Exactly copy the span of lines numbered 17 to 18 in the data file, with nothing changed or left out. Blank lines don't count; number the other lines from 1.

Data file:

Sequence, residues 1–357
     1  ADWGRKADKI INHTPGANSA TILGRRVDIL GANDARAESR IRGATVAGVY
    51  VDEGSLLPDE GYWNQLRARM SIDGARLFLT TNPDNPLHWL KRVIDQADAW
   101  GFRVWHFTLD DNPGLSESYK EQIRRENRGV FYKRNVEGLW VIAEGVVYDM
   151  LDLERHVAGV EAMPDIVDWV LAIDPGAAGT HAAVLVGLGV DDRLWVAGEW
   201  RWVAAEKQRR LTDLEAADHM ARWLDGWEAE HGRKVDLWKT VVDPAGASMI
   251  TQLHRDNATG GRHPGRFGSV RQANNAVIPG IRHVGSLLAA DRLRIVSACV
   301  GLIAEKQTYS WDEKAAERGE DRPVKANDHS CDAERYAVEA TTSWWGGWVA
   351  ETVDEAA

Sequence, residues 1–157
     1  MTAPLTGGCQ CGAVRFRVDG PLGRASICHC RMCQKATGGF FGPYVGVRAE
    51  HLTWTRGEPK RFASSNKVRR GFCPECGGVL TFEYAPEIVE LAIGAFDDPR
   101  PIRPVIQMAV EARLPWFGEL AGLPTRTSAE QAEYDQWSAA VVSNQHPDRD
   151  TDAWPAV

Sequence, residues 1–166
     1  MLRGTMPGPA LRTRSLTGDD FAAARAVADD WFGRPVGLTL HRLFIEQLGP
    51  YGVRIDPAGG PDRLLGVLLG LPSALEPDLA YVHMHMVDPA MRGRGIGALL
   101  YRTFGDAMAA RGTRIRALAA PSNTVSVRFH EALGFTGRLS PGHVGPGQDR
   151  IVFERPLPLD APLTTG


    51  YGVRIDPAGG PDRLLGVLLG LPSALEPDLA YVHMHMVDPA MRGRGIGALL
   101  YRTFGDAMAA RGTRIRALAA PSNTVSVRFH EALGFTGRLS PGHVGPGQDR